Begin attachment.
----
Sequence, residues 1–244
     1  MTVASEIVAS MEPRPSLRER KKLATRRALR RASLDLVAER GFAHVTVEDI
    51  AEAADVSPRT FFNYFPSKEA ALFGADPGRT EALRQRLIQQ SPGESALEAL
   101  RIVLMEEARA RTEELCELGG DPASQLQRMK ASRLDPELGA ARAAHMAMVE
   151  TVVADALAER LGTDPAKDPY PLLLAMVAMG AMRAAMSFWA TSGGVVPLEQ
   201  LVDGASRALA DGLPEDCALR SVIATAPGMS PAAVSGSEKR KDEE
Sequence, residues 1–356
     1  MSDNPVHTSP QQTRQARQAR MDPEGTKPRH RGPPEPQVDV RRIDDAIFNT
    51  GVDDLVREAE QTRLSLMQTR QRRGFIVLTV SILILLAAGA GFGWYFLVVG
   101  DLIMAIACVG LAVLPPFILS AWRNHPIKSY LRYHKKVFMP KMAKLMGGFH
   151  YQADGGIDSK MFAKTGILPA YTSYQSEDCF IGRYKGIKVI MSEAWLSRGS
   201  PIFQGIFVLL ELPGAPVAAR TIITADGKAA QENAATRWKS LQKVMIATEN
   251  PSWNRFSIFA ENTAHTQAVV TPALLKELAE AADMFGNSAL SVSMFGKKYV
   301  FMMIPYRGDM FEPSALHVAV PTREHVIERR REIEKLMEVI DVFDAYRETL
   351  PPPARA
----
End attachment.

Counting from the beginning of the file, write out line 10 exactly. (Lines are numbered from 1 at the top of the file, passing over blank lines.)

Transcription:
   101  DLIMAIACVG LAVLPPFILS AWRNHPIKSY LRYHKKVFMP KMAKLMGGFH